Agricultural Economics Department

 

Date of this Version

October 2004

Comments

Published in Cornhusker Economics, 10/20/2004. Produced by the Cooperative Extension, Institute of Agriculture and Natural Resources, Department of Agricultural Economics, University of Nebraska–Lincoln.
http://www.agecon.unl.edu/Cornhuskereconomics.html

Abstract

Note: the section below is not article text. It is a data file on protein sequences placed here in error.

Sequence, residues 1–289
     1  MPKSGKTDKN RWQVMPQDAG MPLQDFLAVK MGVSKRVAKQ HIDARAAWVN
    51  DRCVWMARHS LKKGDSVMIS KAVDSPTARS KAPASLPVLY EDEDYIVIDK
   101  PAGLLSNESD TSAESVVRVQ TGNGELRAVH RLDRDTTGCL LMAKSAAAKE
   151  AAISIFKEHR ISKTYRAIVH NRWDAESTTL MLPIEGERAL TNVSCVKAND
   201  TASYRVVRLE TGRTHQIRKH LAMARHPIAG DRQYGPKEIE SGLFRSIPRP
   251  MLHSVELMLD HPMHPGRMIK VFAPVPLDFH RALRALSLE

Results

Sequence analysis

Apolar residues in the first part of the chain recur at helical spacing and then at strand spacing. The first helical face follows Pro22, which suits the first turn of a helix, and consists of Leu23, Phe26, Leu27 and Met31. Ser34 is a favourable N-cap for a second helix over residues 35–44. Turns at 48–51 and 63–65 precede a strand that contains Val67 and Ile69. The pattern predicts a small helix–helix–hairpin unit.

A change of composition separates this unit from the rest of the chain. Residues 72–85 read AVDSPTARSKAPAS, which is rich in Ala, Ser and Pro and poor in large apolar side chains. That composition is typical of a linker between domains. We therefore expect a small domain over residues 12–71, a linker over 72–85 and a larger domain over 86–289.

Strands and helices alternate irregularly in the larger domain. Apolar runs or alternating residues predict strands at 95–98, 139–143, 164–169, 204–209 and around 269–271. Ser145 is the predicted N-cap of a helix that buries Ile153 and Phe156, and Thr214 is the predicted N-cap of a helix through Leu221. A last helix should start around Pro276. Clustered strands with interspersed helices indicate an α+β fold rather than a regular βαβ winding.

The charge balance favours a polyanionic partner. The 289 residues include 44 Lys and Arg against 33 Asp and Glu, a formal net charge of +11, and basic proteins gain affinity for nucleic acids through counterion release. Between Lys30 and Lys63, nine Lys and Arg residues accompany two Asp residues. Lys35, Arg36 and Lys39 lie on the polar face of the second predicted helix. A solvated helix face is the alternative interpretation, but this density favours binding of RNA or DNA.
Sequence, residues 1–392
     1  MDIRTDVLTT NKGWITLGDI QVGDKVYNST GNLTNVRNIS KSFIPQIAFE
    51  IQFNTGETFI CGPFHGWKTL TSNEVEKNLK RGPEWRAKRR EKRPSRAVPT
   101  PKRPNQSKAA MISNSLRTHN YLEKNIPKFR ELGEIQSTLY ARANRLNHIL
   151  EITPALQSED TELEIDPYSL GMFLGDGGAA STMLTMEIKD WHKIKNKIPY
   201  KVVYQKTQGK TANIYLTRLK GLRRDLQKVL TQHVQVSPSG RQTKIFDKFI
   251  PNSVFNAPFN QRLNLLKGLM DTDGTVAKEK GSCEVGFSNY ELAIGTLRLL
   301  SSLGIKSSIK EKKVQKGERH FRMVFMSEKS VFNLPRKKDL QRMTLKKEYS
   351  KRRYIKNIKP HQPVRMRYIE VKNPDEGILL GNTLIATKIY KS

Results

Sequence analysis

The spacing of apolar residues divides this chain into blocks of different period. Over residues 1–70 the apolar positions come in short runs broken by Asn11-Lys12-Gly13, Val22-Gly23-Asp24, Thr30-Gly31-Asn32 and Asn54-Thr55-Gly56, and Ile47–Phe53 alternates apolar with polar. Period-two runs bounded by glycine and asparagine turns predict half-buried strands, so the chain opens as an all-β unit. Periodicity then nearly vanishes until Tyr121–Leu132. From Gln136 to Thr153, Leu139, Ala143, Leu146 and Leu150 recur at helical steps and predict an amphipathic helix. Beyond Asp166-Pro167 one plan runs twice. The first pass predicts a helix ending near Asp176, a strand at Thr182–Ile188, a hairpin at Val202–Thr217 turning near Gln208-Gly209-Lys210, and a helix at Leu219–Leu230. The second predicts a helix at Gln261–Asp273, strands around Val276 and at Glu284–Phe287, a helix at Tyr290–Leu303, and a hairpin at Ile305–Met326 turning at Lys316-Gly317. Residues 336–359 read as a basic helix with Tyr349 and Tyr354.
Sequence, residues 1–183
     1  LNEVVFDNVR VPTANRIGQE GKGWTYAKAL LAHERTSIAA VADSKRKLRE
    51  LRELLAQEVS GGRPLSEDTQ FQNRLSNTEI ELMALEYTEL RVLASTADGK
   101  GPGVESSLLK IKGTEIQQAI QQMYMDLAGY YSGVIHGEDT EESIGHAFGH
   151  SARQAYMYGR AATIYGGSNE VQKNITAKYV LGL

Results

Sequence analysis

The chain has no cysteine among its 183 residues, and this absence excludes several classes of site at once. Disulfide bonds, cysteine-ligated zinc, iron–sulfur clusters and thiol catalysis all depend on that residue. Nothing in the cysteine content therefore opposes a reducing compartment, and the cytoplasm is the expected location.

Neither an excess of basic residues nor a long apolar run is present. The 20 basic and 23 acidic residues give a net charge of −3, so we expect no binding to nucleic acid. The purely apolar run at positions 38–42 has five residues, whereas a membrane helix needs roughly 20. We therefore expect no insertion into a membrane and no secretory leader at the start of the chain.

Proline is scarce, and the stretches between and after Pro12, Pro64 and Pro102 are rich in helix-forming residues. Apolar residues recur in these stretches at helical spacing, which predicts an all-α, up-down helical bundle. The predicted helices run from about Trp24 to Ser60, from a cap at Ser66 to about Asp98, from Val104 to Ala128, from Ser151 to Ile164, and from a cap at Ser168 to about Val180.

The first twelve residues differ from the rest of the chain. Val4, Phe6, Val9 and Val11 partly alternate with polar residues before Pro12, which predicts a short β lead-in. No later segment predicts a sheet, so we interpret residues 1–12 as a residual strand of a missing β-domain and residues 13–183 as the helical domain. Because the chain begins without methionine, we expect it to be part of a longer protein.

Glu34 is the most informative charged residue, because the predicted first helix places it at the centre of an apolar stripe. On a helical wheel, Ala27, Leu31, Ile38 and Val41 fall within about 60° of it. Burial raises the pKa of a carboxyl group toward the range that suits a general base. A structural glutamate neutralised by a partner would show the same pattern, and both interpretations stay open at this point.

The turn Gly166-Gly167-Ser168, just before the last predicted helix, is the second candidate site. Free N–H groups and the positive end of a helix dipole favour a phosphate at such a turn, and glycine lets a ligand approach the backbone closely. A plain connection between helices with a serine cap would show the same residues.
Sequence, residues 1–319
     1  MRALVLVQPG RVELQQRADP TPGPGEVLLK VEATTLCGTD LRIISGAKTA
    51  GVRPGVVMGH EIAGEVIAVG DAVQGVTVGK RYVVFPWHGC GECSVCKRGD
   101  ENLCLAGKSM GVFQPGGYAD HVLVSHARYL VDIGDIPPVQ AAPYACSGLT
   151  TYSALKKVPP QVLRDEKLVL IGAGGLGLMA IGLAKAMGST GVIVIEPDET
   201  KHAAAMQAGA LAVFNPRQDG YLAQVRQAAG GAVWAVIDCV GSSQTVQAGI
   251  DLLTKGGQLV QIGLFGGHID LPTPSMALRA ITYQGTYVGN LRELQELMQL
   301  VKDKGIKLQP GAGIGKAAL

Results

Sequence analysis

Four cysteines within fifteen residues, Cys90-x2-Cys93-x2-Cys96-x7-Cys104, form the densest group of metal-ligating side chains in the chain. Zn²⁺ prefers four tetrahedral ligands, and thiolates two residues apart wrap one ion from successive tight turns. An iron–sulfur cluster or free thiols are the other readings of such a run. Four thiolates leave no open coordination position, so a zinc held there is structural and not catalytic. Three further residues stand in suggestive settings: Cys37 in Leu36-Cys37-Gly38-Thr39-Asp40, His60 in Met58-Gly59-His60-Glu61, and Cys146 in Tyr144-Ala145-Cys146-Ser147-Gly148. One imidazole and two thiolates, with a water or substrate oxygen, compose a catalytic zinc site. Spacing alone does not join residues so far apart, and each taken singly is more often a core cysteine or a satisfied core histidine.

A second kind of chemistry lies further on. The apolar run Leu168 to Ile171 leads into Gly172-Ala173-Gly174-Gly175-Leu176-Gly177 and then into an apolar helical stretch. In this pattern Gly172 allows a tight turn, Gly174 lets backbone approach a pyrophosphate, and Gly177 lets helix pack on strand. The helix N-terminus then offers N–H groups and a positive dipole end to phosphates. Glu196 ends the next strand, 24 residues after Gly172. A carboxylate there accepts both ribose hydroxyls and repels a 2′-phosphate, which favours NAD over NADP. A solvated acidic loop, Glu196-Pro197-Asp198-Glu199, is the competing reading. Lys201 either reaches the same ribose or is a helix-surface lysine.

“Five Nebraska counties are among the nation's poorest 12 counties" (Lincoln Journal Star, July 18, 2004) Y" 'Some of the bigger ranchers here, they didn't like it at all being called the poorest,' said Van Diest, 68, (Loup County Commissioner, Wade) adding that he's been puzzled by how Loup County got the No.1 ranking." (Omaha World Herald, July 17, 2004). These comments were typical of those in response to a federal report released in July, 2004. Some people are indignant, others are puzzled. Which areas of Nebraska really are the poorest, how poor are they, and why? A clear understanding of these questions is important in considering policies to assist poor areas, yet even the basic poverty indicators seem to be in conflict.

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